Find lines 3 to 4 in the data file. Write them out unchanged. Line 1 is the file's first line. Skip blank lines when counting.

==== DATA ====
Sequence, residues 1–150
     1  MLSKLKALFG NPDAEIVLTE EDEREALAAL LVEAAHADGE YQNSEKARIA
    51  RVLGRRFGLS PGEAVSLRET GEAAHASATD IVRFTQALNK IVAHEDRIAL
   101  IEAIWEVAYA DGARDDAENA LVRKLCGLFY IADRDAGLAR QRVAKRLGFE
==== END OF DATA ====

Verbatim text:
    51  RVLGRRFGLS PGEAVSLRET GEAAHASATD IVRFTQALNK IVAHEDRIAL
   101  IEAIWEVAYA DGARDDAENA LVRKLCGLFY IADRDAGLAR QRVAKRLGFE